Emory University v. Smith

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581 S.E.2d 405 (2003)

260 Ga. App. 900


No. A03A0101.

Court of Appeals of Georgia.

April 16, 2003.

Jennings, Sparwath & Satcher, Stephen H. Sparwath, Marietta, for appellant.

Burnette & Driggers, G. Samuel Burnette, Benjamin D. Driggers, Macon, for appellee.

RUFFIN, Presiding Judge.

Beatrice Smith sued Emory University d/b/a Crawford W. Long Hospital ("the hospital") for negligence, asserting that she was injured when she slipped and fell on the hospital's premises. The hospital subsequently moved for summary judgment. Although the trial court denied the motion, it certified its ruling for immediate review, and we granted the hospital's interlocutory appeal application. For reasons that follow, we reverse.

Summary judgment is appropriate when no genuine issues of material fact remain and "`the undisputed facts, viewed in the light most favorable to the non-moving party, warrant judgment as a matter of law.'"[1] So viewed, the record shows that Smith and her husband took their son to the hospital for medical testing on November 16, 1998. It was raining steadily as they approached the hospital entrance along a sidewalk adjacent to the building. Near the entrance, the sidewalk sloped down into a wheelchair access ramp. When Smith stepped onto the ramp from the sidewalk, her foot slid, and she fell, injuring her left knee and right wrist.

According to Smith, "slippery and wet" conditions on the ramp caused her to fall. At her deposition, Smith admitted that she knew before she stepped on the ramp that it was sloped and that "there would be water on it" from the rain. She believes, however, that *406 the ramp was more slippery than regular pavement "[b]ecause it seemed to have been freshly painted with yellow paint." Despite this belief, she performed no testing to measure the ramp's slipperiness, does not know when it was last painted, and does not know what type of paint was used.[2] In rebuttal, the hospital presented evidence that the concrete ramp was sealed with a yellow, granular, nonslip safety coating that made it "less slippery" than untreated concrete.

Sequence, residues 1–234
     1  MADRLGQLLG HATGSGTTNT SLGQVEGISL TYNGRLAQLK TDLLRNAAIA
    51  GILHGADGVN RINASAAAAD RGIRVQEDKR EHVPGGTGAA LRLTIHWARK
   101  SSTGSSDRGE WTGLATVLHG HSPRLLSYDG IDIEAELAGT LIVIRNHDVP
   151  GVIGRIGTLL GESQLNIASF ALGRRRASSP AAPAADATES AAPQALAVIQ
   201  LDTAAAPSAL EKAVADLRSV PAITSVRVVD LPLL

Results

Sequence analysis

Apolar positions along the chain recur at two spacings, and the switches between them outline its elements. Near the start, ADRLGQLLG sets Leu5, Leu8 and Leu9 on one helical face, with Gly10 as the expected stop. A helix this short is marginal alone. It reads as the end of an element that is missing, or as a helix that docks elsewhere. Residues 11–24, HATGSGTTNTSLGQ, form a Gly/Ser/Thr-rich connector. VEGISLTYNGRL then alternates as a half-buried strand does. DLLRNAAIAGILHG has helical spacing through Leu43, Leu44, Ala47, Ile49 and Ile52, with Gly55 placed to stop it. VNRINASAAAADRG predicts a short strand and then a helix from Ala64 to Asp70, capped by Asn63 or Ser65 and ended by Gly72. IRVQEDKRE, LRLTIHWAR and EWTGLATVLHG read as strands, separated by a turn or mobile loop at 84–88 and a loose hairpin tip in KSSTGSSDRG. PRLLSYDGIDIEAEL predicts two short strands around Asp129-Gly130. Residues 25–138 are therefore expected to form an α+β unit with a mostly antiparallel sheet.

The hospital argues that it is entitled to summary judgment because Smith failed to produce evidence that it had superior knowledge of a hazard. We agree. In premises liability cases,

proof of a fall, without more, does not give rise to liability on the part of a proprietor. The true basis of a proprietor's liability for personal injury to an invitee is the proprietor's superior knowledge of a condition that may expose the invitees to an unreasonable risk of harm. Recovery is allowed only when the proprietor had knowledge and the invitee did not.[3]

Under Georgia law, a slippery condition caused solely by rainwater is not a hazard because it presents no unreasonable risk of harm.[4] As we recently noted, "[i]t is common knowledge that water accumulates on the ground on rainy days, and the risk of harm imposed by this accumulation is not unreasonable but is one to which all who go out on a rainy day may be exposed and which all may expect or anticipate."[5] To recover, therefore, Smith must prove more than a wet rampshe must show that the ramp was hazardous and that the hospital had superior knowledge of the hazard.[6]

Smith presented no competent evidence to satisfy this burden. Although she testified that she thought the ramp was more slippery than regular pavement because it appeared to be freshly painted, she did not support her belief with any proof. Mere speculation about the ramp's condition cannot defeat summary judgment.[7] Furthermore, the hospital offered unrebutted evidence that the ramp was treated with a nonslip safety coating, and Smith does not point to any evidence of prior falls on the ramp.